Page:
Minneapolis, MN — Amid several high profile police brutality cases in Minneapolis, a mayoral candidate in the twin cities is advocating stripping the majority of police officers of guns in their routine patrols.
Local Fox affiliate KMSP reports that Raymond Dehn, currently a state representative, does not want to completely disarm the police, but rather, limit their free access to guns at all times.
“I’m not saying they don’t have access to that, just like they have access to more lethal weapons in their cars, I would believe they would still have access to their guns in their cars,” said Dehn. He still advocates the use of night sticks and pepper spray.
Dehn’s position follows the recent acquittal of former St. Anthony, Minneapolis officer Jeronimo Yanez, who shot and killed Philando Castile last year and was paid $48,000 to leave the force. Just this month, an Australian woman was shot and killed by a Minneapolis officer after calling the police to report a potential sexual assault nearby. Both cases have drawn substantial scrutiny and outrage across the country.
His idea parallels other countries, like the U.K., where police officers do not carry guns and are still able to disarm assailants carrying deadly weapons (though, admittedly, guns are not as common in the U.K).
Dehn’s suggestion sticks out among a slew of candidates who refuse to go as far as him. As current Mayor Betsy Hodges said, “And if we are going to talk about changes in gun policy, we shouldn’t start with police officers who are going to be operating in a world with people who have guns.”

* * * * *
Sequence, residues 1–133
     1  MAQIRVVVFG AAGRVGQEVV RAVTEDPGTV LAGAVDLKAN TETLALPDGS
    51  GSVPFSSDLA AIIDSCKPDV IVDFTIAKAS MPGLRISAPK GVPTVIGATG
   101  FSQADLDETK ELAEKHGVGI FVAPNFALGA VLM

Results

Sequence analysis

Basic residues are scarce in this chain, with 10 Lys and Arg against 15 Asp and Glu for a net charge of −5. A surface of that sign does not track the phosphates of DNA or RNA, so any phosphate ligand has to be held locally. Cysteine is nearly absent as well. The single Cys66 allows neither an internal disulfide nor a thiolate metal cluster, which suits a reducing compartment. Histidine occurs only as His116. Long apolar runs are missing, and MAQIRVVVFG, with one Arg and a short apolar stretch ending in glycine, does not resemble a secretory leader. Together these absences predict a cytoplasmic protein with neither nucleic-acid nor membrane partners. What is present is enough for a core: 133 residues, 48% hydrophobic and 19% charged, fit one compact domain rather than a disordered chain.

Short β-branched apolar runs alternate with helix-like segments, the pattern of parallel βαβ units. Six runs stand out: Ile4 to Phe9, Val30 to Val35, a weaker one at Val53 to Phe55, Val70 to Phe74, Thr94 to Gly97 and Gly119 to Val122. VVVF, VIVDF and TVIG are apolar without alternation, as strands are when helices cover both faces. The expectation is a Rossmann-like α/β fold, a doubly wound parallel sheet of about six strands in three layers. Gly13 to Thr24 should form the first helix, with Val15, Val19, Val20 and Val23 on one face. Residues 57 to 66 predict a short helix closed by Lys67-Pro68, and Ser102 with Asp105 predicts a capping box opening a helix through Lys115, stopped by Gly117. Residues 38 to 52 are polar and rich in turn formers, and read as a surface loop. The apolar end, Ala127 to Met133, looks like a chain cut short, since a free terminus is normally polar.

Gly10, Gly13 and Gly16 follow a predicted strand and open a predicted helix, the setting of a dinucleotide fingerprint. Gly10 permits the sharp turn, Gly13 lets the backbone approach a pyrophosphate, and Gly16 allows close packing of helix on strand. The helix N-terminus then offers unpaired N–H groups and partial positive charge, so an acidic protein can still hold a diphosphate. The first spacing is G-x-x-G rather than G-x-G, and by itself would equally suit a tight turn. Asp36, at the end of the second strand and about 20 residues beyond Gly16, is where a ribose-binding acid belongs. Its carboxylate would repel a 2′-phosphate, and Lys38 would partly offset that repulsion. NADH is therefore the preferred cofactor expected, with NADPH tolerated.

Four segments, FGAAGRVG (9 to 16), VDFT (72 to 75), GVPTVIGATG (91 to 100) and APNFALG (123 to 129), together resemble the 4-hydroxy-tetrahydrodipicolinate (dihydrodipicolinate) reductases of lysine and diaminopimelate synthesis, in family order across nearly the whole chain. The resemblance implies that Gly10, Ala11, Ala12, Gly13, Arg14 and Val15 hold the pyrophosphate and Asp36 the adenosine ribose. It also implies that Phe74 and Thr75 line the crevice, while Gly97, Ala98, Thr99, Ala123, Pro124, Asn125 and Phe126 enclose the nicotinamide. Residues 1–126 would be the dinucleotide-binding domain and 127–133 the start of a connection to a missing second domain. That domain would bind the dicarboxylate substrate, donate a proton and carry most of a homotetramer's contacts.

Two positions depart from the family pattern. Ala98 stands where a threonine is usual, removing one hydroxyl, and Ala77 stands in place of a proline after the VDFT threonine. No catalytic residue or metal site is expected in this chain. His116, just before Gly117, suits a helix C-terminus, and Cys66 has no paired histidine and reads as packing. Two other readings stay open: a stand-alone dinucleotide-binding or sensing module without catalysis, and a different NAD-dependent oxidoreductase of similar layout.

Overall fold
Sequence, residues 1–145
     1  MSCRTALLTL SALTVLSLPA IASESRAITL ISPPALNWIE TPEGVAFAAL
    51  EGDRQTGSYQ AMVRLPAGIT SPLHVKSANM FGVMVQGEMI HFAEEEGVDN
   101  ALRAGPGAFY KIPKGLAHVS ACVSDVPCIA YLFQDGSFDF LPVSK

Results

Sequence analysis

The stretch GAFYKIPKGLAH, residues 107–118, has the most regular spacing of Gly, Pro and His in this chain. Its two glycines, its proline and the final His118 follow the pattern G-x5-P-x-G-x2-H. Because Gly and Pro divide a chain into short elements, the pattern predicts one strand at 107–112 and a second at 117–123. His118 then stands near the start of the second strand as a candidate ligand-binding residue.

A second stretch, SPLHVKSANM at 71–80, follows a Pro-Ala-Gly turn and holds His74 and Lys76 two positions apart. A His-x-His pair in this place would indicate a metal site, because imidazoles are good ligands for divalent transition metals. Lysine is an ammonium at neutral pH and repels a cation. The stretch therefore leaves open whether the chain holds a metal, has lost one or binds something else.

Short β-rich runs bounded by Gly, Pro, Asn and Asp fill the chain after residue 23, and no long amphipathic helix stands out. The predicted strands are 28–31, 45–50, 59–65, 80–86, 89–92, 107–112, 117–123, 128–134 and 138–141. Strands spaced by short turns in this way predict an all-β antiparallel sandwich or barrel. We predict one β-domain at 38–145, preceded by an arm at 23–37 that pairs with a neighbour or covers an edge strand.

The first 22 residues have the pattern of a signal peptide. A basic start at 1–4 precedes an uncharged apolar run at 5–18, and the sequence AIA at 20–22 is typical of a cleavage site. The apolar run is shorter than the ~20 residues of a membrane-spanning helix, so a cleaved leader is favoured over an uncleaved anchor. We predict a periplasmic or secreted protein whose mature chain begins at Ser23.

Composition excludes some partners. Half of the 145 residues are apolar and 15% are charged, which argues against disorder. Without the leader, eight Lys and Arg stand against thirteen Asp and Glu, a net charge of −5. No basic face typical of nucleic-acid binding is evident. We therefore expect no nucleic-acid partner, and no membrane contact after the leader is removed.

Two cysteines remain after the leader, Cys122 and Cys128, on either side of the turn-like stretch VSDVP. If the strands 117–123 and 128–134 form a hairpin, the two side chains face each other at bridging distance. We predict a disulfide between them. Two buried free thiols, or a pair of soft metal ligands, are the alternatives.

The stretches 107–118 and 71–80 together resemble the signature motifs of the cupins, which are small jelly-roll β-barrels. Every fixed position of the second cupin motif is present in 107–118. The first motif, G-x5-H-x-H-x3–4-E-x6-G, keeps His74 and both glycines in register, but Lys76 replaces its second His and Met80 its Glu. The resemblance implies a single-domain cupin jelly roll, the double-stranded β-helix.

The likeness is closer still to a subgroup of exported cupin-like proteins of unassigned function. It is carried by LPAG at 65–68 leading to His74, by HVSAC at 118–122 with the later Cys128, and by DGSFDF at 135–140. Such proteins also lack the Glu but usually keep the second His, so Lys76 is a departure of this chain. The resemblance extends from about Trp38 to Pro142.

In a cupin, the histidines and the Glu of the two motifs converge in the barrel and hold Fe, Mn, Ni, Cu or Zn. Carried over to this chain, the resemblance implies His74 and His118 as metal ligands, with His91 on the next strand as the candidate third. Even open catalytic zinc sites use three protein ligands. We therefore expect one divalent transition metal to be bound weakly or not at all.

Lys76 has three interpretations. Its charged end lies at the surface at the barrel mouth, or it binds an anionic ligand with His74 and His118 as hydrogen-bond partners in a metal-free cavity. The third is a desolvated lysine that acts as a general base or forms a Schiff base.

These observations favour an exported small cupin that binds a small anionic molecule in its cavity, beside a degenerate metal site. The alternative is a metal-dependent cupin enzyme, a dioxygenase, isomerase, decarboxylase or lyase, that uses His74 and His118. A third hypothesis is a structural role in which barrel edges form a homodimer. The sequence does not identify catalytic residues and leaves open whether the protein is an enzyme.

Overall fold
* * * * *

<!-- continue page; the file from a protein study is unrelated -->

But Dehn’s proposal isn’t simply a gun grab. Rather, he sees fundamental issues with how Minneapolis police are doing their jobs. “I think as we look at how to change policing and how we get officers to not react to use their gun in situations, but learning skills around de-escalation training I think are important,” he said.
De-escalation tactics have proven effective elsewhere. In Salt Lake City, Utah, police chief Mike Brown has started training officers in de-escalation to minimize the use of deadly force. As local Fox affiliate KSTU reported in May:
“Newer techniques involve more voice commands from the officer, and the slight giving and taking ground with a suspect to buy time. This allows the suspect an opportunity to calm down, as well as giving the officer an opportunity to rethink his approach, possibly using non-lethal force like a taser to subdue a suspect.”
There hasn’t been a fatal encounter in Salt Lake City since September of 2015.
In Minneapolis, Dehn is the only mayoral candidate to take such an ‘extreme’ stance, and for now, it’s unlikely it will garner much support.
As head of the Minneapolis Police Union Lt. Bob Kroll said, “I don’t think the people in Minneapolis are logically ready for anything like this. Who would ever do the job of policing again? It’s absolutely an absurd thought.”
But Dehn still wants to sit down with police to discuss the possibilities, and his position alone is indicative of the current climate, where some citizens are increasingly concerned about the ease with which officers commit violence against those they are tasked with protecting.
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